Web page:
Seed - roasted[
]. Rather small and fiddly to gather[
]. Traditionally, the ripening pods were harvested and roasted, the seeds were then picked out and eaten[
]. The pods are rather variable in length, but can be up to 15cm long containing seeds up to 6mm long[
]. Acacia seeds are highly nutritious and contain approx 26% protein, 26% available carbohydrate, 32% fibre and 9% fat[
]. The fat content is higher than most legumes with the aril providing the bulk of fatty acids present[
]. These fatty acids are largely unsaturated which is a distinct health advantage although it presents storage problems as such fats readily oxidise[
]. The mean total carbohydrate content of 55.8 + 13.7% is lower than that of lentils, but higher than that of soybeans while the mean fibre content of 32.3 + 14.3% is higher than that of other legumes such as lentils with a level of 11.7%[
]. The energy content is high in all species tested, averaging 1480+270 kJ per 100g[
]. Wattle seeds are low glycaemic index foods. The starch is digested and absorbed very slowly, producing a small, but sustained rise in blood glucose and so delaying the onset of exhaustion in prolonged exercise[
The ground seed can be used to produce a high quality, caffeine-free coffee-like beverage[
Seedpods - roasted[
]. The pods are up to 10cm long[
The bark of all Acacia species contains greater or lesser quantities of tannins and are astringent. Astringents are often used medicinally - taken internally, for example. they are used in the treatment of diarrhoea and dysentery, and can also be helpful in cases of internal bleeding. Applied externally, often as a wash, they are used to treat wounds and other skin problems, haemorrhoids, perspiring feet, some eye problems, as a mouth wash etc[
Many Acacia trees also yield greater or lesser quantities of a gum from the trunk and stems. This is sometimes taken internally in the treatment of diarrhoea and haemorrhoids[
The extensive root system of this plant helps to prevent soil erosion[
]. It is used on sandy soils and steep banks[
]. The subspecies Acacia longifolia sophorae is useful for sand stabilisation on beaches, where it grows quickly, binding sand and fixing nitrogen with its roots, as well as providing shelter. This makes it a very useful plant to help re-establish native sand-dune plant communities[
Trees are planted as a screen in Australia[
This species is often grown as a rootstock for grafting lime-intolerant members of the genus[
A yellow dye is obtained from the flowers[
A green dye is obtained from the seed pods[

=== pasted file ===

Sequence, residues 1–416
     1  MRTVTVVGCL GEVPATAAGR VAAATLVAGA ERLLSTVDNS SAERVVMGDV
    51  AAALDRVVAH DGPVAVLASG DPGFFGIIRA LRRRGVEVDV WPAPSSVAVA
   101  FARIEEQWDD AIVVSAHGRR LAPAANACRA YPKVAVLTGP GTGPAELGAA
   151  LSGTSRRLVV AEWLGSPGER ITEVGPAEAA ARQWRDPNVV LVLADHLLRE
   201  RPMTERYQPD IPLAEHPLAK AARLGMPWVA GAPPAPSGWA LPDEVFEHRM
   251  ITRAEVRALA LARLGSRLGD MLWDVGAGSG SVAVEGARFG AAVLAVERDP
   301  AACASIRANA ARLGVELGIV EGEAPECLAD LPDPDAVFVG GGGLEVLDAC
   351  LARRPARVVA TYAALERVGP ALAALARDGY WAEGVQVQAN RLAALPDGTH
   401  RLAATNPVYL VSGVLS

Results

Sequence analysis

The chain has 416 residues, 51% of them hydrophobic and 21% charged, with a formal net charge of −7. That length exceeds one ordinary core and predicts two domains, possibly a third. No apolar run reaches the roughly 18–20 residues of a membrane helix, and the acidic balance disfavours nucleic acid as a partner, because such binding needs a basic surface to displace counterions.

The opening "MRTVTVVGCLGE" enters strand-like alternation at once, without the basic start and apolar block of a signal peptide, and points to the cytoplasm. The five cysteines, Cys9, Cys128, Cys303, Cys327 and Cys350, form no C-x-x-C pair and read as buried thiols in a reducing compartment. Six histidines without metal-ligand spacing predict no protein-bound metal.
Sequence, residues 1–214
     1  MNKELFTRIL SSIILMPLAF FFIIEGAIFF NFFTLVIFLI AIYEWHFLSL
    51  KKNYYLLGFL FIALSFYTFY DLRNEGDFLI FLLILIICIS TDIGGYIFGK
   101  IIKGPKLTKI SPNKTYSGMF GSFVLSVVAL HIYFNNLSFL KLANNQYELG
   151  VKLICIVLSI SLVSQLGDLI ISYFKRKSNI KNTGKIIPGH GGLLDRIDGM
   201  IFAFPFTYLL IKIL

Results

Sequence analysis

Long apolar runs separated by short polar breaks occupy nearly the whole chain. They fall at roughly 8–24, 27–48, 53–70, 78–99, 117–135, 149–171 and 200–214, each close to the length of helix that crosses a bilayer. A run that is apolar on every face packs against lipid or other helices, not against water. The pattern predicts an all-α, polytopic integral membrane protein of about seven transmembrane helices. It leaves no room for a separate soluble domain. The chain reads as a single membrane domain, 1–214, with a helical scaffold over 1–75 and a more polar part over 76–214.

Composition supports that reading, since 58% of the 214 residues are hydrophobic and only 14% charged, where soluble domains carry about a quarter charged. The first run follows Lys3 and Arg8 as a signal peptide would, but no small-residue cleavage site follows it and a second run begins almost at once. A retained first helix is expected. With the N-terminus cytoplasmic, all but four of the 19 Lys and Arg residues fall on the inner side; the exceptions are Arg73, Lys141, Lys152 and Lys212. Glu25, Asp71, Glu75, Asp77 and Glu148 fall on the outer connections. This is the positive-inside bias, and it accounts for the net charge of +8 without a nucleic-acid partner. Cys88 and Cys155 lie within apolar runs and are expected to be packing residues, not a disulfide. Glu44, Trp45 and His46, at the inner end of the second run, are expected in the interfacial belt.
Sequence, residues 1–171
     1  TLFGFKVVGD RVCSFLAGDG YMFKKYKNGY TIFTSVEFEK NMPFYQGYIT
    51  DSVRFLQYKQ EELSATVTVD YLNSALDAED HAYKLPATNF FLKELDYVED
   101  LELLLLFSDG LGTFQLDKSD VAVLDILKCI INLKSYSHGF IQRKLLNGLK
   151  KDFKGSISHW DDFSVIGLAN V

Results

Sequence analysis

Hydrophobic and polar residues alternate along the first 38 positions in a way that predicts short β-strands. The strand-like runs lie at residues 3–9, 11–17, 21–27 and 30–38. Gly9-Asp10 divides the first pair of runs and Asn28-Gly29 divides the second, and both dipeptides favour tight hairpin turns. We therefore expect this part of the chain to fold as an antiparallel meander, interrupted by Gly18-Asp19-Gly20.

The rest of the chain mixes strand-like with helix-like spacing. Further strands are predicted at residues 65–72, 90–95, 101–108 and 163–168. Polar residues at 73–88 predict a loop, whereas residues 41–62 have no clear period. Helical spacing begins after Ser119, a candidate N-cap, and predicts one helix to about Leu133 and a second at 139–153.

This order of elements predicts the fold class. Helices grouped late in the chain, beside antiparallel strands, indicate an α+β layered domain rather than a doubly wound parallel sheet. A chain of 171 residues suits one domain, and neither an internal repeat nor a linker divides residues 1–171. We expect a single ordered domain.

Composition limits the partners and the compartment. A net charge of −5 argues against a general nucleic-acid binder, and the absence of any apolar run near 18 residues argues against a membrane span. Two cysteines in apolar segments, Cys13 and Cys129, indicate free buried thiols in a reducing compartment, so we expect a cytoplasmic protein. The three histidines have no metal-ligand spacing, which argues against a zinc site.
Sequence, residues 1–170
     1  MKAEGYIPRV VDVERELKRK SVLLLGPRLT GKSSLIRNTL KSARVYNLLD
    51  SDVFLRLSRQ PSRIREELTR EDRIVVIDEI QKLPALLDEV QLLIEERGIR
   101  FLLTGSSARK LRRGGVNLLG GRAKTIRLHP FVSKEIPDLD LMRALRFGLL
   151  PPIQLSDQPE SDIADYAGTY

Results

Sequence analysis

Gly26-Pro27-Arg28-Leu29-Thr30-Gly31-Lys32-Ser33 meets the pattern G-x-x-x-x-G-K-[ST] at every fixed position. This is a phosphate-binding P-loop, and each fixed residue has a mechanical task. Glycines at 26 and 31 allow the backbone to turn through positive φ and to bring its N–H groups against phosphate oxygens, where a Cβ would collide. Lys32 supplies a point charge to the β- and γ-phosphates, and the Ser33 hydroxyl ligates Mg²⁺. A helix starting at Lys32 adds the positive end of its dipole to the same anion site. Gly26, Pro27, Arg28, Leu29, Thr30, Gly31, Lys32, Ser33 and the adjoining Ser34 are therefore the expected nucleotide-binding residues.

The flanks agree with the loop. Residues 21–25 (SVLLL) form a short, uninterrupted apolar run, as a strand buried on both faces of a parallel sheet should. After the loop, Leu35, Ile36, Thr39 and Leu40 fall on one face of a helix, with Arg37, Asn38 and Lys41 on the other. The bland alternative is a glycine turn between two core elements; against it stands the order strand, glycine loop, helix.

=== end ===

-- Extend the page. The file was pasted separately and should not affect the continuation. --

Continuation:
The bark contains around 12 - 19% tannins[
]. It can be used for waterproofing and preserving ropes and sails[
]. Bark harvested for its tannins should only be taken from mature stems, and only when the sap is rising at the beginning of the growing season - which is when the tannin content is highest and the bark is most easily removed from the wood[
The white wood is light in weight, hard, tough and durable. It is used for tool handles etc[
Seed - best sown as soon as it is ripe in a sunny position in a warm greenhouse[
].The dried seed of most, if not all, members of this genus has a hard seedcoat and may benefit from scarification before sowing to speed up germination. This can usually be done by pouring a small amount of nearly boiling water on the seeds (being careful not to cook them!) and then soaking them for 12 - 24 hours in warm water. By this time they should have imbibed moisture and swollen - if they have not, then carefully make a nick in the seedcoat (being careful not to damage the embryo) and soak for a further 12 hours before sowing. Sow the seed in Spring in a greenhouse. As soon as the seedlings are large enough to handle, prick them out into individual pots and grow them on in a sunny position in the greenhouse for their first winter. Plant them out in late spring or early summer, after the last expected frosts, and consider giving them some protection from the cold for their first winter outdoors.
Acacia seeds that have matured fully on the bush and have been properly dried have a hard seed coat and can be stored in closed containers without deterioration for 5 - 10 years or more in dry conditions at ambient temperatures. It is best to remove the aril, which attracts weevils and can lead to moulds forming. The arils are easilyremoved by placing the seeds in water and rubbing them between the hands, then drying the seeds and winnowing them[
Cuttings of half-ripe wood with a heel, mid summer in individual pots in a frame[
]. Overwinter in a greenhouse for the first winter and plant out in their permanent positions in late spring or early summer. Fair percentage[